Old 08-22-2004, 12:00 AM   #9
Tinkster
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Quote:
Originally posted by Ghost_runner
silly, perhaps, but easy to setup for a newbie, granted if you are going to use it as a file-server then using a different method may be preferable, but if you merely want to move some documents across platforms, i.e. transfer files to my linux laptop to work on when i'm on the road, samba works well and is portable into any windows based network and all i have to do is launch LinNeighborhood and do what i need.
But he already has -if you read his first post again- nfs
going, and he didn't find it hard to set-up.

What's the point in introducing a second protocol for
the other way round?


Cheers,
Tink
 
Old 08-22-2004, 01:02 AM   #10
Electro
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I guess people do not know how risky wireless networking is. If you use NFS, someone can get into your network and screw up all your files and probably take some. This is why I suggest using SSH. Setting up SSH is very easy. Usually the config file that comes with SSH is ok for most environments. All you need to do is type "service sshd start" as su or root and login. There is several SSH and SFTP clients that comes with Linux. Using SAMBA is as risky as NFS for wireless networking. Also I will not use it to transfer files through the internet. SFTP or tunnel FTP is much better for that.
 
Old 08-22-2004, 02:48 AM   #11
amosf
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But nfs is a much better transparent way of sharing. Best to just secure the wireless network or use wired connections... Anyway, isn't there secure nfs now if you are really worried...
 
Old 08-22-2004, 04:28 AM   #12
Tinkster
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Quote:
If you use NFS, someone can get into your network and screw up all your files and probably take some.
If the WiFi is secured and the exports limited to
just the other machine, and your tcpwrappers are
set, it's safe (IMHO) ... if you're REALLY worried
you can set-up iptables as well, and check the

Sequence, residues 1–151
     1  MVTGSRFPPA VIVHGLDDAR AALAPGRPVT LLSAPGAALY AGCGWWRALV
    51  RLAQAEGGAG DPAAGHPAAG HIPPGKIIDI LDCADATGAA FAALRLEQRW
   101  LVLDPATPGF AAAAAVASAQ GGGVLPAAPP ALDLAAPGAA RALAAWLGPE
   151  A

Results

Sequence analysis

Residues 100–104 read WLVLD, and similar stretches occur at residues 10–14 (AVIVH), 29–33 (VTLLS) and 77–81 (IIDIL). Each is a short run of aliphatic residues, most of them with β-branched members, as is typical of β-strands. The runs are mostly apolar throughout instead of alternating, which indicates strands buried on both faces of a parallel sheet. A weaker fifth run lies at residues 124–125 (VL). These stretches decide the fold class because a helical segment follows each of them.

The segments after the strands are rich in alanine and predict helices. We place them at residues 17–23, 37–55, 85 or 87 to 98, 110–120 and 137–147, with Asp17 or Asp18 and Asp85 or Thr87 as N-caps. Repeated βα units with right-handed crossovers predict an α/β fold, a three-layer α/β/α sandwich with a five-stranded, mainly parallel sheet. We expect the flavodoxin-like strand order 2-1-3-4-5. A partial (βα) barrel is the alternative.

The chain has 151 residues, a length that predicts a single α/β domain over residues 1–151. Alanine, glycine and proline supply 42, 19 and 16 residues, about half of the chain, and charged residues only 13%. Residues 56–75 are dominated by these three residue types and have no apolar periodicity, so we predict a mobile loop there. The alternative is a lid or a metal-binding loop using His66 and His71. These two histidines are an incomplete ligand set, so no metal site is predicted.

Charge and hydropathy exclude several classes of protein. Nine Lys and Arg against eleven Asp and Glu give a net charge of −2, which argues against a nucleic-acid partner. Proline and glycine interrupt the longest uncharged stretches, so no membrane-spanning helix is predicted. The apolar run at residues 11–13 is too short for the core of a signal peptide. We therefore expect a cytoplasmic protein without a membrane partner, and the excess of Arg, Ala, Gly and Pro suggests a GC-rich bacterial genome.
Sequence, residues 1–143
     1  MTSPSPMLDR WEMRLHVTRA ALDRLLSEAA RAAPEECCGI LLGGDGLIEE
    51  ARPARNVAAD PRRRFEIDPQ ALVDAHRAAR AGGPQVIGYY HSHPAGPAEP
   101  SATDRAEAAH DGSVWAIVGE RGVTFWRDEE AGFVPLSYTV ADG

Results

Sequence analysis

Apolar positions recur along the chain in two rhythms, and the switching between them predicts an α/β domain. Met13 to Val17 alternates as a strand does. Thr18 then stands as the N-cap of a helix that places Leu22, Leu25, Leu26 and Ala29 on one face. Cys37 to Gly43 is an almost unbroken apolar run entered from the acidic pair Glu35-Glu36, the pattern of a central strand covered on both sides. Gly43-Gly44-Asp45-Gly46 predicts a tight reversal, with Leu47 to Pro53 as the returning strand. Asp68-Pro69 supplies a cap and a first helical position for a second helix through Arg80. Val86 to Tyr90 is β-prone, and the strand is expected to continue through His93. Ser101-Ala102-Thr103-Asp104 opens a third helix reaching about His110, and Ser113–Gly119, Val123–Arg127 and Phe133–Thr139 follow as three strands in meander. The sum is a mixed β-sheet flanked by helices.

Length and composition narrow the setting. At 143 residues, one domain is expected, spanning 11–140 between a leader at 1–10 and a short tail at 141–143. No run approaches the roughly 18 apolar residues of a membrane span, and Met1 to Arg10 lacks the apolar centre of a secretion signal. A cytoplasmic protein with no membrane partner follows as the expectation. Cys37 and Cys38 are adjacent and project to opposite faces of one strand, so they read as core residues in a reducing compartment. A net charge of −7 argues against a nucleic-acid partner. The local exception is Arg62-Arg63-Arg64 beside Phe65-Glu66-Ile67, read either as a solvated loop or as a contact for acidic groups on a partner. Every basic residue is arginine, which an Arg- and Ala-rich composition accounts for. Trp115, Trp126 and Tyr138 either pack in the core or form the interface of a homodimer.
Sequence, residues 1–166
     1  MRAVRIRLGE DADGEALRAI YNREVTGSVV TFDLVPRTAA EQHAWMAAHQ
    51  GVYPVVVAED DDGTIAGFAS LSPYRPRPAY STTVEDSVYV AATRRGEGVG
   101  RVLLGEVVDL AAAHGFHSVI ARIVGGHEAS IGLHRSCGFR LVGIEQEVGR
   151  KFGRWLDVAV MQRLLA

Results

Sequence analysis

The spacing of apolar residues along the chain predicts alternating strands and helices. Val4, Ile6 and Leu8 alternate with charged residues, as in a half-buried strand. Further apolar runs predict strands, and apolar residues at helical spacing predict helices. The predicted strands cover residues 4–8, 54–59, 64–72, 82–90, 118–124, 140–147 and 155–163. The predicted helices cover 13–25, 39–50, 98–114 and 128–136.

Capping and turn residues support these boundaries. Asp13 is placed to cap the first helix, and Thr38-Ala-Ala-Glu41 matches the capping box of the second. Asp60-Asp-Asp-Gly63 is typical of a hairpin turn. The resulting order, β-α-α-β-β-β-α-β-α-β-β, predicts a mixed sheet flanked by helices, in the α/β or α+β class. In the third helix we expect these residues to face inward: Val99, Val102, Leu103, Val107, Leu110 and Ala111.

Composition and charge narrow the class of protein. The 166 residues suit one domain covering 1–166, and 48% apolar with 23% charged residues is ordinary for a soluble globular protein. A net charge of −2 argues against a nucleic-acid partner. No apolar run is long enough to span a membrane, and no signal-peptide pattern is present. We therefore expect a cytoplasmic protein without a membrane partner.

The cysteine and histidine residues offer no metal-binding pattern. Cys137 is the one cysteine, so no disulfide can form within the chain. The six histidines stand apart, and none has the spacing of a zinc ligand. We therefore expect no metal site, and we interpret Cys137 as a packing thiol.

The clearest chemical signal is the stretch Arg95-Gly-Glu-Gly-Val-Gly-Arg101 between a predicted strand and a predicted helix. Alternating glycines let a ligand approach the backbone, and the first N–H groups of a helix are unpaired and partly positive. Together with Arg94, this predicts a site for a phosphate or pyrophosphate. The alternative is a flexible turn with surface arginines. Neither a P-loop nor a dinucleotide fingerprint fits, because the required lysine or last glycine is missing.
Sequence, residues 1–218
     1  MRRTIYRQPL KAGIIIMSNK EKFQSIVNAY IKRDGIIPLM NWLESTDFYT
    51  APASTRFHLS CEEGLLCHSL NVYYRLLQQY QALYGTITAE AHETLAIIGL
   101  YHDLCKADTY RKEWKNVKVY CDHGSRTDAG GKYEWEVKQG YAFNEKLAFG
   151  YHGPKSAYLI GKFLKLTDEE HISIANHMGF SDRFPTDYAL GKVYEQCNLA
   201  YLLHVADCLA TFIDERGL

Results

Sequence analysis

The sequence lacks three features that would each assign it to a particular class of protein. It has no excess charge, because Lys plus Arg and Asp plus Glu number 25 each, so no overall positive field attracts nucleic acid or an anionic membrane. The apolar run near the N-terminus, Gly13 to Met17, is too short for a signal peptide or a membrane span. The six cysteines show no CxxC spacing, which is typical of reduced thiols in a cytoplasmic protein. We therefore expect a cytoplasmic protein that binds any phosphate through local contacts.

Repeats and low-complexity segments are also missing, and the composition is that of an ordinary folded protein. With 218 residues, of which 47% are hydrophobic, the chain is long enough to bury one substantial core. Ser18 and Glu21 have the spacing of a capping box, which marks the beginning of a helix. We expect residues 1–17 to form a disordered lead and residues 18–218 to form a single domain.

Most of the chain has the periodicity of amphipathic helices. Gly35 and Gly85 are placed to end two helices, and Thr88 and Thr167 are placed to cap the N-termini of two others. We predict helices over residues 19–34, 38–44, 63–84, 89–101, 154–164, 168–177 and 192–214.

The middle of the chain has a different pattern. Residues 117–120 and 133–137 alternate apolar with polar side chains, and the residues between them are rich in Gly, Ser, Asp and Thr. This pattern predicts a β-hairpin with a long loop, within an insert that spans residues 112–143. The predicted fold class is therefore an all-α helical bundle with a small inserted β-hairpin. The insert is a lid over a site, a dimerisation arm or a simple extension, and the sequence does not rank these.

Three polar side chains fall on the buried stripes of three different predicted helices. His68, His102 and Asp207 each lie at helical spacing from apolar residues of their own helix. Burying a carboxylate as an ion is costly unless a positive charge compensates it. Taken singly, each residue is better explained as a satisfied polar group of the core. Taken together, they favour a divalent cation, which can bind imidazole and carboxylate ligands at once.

local connections for MAC-addresses on top of
it all ...

And in terms of file-access (S)FTP is a pain in the
neck on a LAN ... not performance, handling.

Cheers,
Tink
 
Old 08-22-2004, 05:10 AM   #13
amosf
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Yep. What tinkster said
 
Old 08-24-2004, 01:31 AM   #14
Electro
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Wireless is not secured even if you turn on wep. Also turning it on, reduces your wireless networking performance.

For me, I think twice setting up and using wireless network. I preferred to use wired networking.

Quote:
And in terms of file-access (S)FTP is a pain in the
neck on a LAN ... not performance, handling.
I have no problems using SFTP through SSH.

[quote]
Anyway, isn't there secure nfs now if you are really worried...
[quote]
Only through SSH tunneling.
 
Old 08-24-2004, 01:39 AM   #15
amosf
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There I agree. I use wired networking only.

And when I talk about sharing large amounts of stuff in an easy manner it tends to be read only mp3's and mpeg and stuff. I do tend to only copy 'important' data by other means as I don't need to do that as often...

I think it helps to clarify what the sahring is for. Seriously, most people don't really deal with very sensative data they would need to worry over...

When the kids want to plays some music or whatever, using nfs is a lot easier and I don't expect them to be using ssh or sftp...